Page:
Let juries be the judge on fraud

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The Independent Online
Hot on the heels of last week's acquittals in the Maxwell case, the Government has announced that it intends to review jury trials in fraud cases. Many may consider this to be ill-timed and ill-judged. It is generally agreed that the Serious Fraud Office was right to bring charges. The allegations were simplified and properly presented. Counsel for the prosecution and the defence did their jobs well, and the judge was of the highest calibre. The key questions for the jury in this case, as in so many other fraud trials, were whether there was a criminal agreement and whether the defendants were dishonest. Such issues are pre-eminently for a jury of ordinary citizens to decide.

The fact that the Maxwell jury, properly directed, ignored unprecedented and emotive pre-trial publicity and acquitted each of the defendants is a vindication of our trial system. The unfortunate timing of this proposed review suggests an underlying dissatisfaction with the verdict.

Although the principle of jury trial is firmly established under the law, it has long been attacked and eroded on grounds of cost and expediency. In the past 20 years many offences that entitled a defendant to jury trial - eg, common assault, driving while disqualified - can now be tried only by magistrates. In Northern Ireland, the Diplock courts, where judges sit without juries, were set up in 1974 as a temporary measure to combat terrorist crime; yet until recently they were still used to try a wide range of serious non-terrorist offences.

In 1985, the Roskill committee recommended removing complex fraud from juries and substituting a fraud trials tribunal, consisting of a judge and two lay members chosen by the Lord Chancellor for their knowledge of financial matters. "Experts" from the banks and accounting bodies would decide on simple issues such as honesty and dishonesty. There is something of an Orwellian flavour about government-appointed panels convicting defendants and sentencing them to substantial terms of imprisonment. If the same panels were to acquit, it could lead to allegations of rigging.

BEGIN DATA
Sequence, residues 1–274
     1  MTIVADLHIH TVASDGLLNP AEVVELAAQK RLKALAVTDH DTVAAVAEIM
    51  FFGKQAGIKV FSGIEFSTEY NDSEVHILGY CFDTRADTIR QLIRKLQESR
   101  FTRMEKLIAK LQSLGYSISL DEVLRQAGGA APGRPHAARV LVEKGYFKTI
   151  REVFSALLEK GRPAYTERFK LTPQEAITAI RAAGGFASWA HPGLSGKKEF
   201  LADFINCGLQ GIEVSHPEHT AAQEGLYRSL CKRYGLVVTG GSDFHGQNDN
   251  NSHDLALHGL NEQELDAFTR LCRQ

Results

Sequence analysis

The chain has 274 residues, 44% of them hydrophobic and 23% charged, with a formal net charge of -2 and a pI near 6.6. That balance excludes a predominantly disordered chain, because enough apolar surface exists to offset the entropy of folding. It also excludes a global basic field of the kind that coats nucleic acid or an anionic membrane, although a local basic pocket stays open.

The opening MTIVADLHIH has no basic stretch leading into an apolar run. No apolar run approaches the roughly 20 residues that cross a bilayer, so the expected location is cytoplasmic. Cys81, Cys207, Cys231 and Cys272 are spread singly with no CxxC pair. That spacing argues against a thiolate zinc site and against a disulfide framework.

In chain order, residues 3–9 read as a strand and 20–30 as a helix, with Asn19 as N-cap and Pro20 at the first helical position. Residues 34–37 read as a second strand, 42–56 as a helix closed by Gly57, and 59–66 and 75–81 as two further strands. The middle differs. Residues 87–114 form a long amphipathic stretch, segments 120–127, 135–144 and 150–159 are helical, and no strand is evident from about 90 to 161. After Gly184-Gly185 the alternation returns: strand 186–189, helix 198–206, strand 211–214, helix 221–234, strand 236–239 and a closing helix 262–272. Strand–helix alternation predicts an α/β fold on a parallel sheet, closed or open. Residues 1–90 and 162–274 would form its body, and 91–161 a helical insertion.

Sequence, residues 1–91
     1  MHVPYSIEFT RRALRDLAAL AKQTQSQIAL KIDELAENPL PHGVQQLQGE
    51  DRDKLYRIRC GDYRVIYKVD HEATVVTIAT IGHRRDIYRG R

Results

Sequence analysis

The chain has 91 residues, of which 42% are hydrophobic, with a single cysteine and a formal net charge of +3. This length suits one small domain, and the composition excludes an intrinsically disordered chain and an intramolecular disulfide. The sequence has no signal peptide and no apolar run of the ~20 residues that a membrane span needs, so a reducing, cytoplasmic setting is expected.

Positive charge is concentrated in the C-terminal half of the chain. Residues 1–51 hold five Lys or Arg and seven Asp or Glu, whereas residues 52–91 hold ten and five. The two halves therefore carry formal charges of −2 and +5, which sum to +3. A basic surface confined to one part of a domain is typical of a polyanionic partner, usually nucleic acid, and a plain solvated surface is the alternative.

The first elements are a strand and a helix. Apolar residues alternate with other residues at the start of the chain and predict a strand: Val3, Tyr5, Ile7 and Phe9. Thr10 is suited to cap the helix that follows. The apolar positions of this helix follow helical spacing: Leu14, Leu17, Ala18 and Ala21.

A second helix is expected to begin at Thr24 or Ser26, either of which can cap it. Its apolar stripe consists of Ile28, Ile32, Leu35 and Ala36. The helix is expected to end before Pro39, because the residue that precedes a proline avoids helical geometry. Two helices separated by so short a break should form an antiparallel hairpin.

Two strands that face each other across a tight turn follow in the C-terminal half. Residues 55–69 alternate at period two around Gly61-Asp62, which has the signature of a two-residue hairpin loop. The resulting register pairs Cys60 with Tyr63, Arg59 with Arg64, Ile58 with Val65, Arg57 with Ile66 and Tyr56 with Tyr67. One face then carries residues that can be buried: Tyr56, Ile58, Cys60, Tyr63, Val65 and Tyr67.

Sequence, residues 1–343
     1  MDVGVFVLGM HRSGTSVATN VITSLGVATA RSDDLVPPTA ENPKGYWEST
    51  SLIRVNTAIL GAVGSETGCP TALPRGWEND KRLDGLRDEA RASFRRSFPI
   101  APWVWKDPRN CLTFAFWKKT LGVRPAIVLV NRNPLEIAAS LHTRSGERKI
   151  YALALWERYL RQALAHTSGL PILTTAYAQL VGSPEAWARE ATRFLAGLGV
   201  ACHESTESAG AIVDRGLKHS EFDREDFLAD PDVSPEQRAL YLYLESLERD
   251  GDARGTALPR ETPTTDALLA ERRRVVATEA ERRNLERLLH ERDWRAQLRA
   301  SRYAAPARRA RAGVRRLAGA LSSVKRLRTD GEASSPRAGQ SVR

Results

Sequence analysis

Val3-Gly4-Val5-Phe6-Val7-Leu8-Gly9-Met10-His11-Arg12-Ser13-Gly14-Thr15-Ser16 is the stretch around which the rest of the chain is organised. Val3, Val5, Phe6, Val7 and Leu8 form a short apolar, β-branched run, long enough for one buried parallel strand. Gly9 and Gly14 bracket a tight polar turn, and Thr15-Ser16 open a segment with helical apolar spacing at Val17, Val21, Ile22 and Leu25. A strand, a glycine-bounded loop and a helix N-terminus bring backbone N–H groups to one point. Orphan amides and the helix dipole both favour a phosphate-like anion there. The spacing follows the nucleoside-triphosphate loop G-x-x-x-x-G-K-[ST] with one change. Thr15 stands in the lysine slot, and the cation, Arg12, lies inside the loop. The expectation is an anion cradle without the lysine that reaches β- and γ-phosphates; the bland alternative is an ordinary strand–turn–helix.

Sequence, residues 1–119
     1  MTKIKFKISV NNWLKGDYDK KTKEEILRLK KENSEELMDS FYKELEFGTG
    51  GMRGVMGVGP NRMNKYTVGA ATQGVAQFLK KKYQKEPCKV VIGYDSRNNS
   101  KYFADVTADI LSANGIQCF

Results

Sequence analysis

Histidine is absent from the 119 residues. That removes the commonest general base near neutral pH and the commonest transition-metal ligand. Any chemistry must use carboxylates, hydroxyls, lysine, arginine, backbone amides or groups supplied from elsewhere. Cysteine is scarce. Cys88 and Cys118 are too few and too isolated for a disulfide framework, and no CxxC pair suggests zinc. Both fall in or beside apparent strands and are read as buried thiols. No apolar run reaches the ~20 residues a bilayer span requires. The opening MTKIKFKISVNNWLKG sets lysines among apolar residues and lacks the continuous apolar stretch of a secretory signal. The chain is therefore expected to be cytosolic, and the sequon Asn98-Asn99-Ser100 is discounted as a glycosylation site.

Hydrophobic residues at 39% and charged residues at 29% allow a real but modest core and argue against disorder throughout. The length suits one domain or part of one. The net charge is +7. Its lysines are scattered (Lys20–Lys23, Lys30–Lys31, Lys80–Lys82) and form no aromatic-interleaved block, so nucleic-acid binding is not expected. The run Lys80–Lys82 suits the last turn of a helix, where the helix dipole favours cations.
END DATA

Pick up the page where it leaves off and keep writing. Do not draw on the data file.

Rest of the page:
It is right that the trial system should be subjected to constant assessment, modernisation and improvement. In 1992, a Bar working party under Jeremy Roberts QC suggested, among other things, the setting up of special fraud trial centres, presided over by trained judges. It concluded that as long as cases were kept manageable and issues properly presented, the jury system should be maintained. It looked at disciplinary proceedings as an alternative to criminal prosecution, with powers to direct financial penalties and compensate those who have suffered loss, and at civil fraud proceedings where the emphasis is on compensation for the victims and punitive damages for dishonesty. None of its recommendations has so far been implemented.

What is important is that the Maxwell trial should not be used to justify the abolition or modification of juries in such cases. If commercial fraud continues to be dealt with as a serious criminal offence, guilt or innocence must be determined by ordinary members of the public.

The writer is chairman of the public affairs committee of the Bar Council.